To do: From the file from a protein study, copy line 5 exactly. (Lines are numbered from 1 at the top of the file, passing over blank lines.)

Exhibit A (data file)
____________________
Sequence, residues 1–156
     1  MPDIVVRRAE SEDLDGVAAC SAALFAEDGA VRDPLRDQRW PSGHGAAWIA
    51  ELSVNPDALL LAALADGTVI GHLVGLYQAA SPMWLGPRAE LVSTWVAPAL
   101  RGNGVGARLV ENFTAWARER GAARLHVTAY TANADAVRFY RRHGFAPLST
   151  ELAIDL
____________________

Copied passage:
   151  ELAIDL